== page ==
The idea is that this tool is run on-demand by the programmer, rather than automatically. If this tool is easy to use,
The purpose of vgo is to add versions to the vocabulary of the toolchain, so that users and tools can talk to each other sensibly about versions. As I mentioned in the https://research.swtch.com/vgo-module article, I think it would make sense to have a v1.2.3+deprecated tag, using an annotated tag so that there's a commit message. The commit message can say anything it wants about why the release is deprecated, and we can show that to users. We could easily add a notation in the text for identifying security problems. What happens next is up to tools. Probably vgo list -m -u (tell me about pending module updates) would do well to show information about currently-used modules that have deprecation notices.
changed the title
x/vgo: allow package authors to mark older package versions as insecure
Jul 12, 2018
I've been thinking a bit about where to write down this information. The magic extra tag is clearly too limited in what it can record. I looked briefly into finding a way to write more information, such as using an annotated tag's commit message in Git, using svn propset to record a special per-revision property in Subversion, and so on. But something that must be reinvented for every different version control system is a bad idea.
Of course, we can't write the information in the original module version's go.mod, since we didn't know it was insecure when we tagged it, and the file tree is by convention (and enforcement via go.sum) immutable after tagging.
But maybe we can record it in a go.mod in a later release of the same module. Specifically, we could say that to look for updated post-release metadata about a particular module we grab the latest version's go.mod and look there. So for example, suppose v1.1.2 has a security problem, it was fixed in a rewrite for v1.2.0, and we're up to v1.2.4 when we discover the problem. Then we'd issue a v1.2.5 that is just v1.2.4 with an updated go.mod that adds something like:
The fields are "bug", the affected package (if you don't use this package you don't have the bug), the half-open version range when the bug existed, a URL with more information, and a short description. Maybe a security bug would conventionally begin with a "security: " prefix in the description.
Then any future "go get", even one not asked about that module, would look up the latest version, find v1.2.5, learn about the bug in v1.1.2, and print a warning. Also, we could make this information available to running programs, which could inspect their own binaries for the package and version and then self-diagnose on a server status page, automatically report to local monitoring systems, and so on. (We've done something like this inside Google since early 2013 and it works really well.)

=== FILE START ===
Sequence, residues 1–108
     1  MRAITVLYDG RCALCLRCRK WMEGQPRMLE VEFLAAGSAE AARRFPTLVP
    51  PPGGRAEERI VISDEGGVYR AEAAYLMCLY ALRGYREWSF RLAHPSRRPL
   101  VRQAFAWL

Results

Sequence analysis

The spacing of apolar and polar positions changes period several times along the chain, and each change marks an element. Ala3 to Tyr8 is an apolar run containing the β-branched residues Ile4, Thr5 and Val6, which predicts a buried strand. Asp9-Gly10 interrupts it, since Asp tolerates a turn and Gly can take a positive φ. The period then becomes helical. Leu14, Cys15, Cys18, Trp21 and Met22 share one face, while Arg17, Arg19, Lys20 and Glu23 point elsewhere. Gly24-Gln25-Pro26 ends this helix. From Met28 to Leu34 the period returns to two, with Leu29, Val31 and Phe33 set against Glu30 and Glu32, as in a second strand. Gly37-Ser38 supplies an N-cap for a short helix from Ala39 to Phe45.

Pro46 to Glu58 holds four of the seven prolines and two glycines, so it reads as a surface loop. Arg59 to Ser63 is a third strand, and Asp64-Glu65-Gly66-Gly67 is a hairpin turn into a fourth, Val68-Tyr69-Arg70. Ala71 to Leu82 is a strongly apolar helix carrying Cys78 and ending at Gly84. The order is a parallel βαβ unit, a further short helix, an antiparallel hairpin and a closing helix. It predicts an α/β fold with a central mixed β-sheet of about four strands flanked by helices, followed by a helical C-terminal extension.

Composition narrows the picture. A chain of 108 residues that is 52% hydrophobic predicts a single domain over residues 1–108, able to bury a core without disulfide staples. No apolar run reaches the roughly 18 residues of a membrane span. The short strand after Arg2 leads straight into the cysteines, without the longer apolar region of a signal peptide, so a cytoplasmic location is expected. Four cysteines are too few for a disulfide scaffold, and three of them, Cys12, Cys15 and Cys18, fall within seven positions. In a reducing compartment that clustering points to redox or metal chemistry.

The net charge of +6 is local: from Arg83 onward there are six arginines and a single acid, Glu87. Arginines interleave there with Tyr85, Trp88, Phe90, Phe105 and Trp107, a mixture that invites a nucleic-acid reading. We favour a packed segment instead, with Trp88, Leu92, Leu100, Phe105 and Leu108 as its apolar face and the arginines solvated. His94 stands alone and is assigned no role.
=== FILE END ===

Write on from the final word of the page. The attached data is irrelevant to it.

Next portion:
If we later decided to issue a v1.1.3 with that fix, we could issue a v1.2.6 that only updates go.mod:
If we wanted to warn people about the bug but didn't have time to fix it yet, or the bug has been there from the beginning, the half-open interval can drop either side:
The same general idea could apply to marking earlier versions deprecated or to reporting known conflicts with other dependencies.
It's slightly awkward to be issuing go.mod-update-only patch releases, but doing so creates a history of the annotations and makes them available via module proxies without special arrangement.
All of this is still sketchy but the above seems like it's on a better path than just the +deprecated tags.
@rsc for some clarification, when should the bug directive be used? Only when there are security issues? Security issues plus deprecation? If deprecation, is there a common test people should us for marking something as such (e.g., every patch release)? Every bug?
Note, for every bug I poked at a couple repos I've had to deal with:
I tried to look at a sampling of typical and worse case scenarios.
@mattfarina If I have followed, I believe @rsc has referred (e.g., here and elsewhere) to this particular issue #24031 as potentially also being part of the solution for recording pair-wise incompatibility post publishing:
And in #24031 (comment), towards the end of that more recent comment (which was mostly using security or a general bug as an example), Russ also added:
That said, the one-liner here is currently: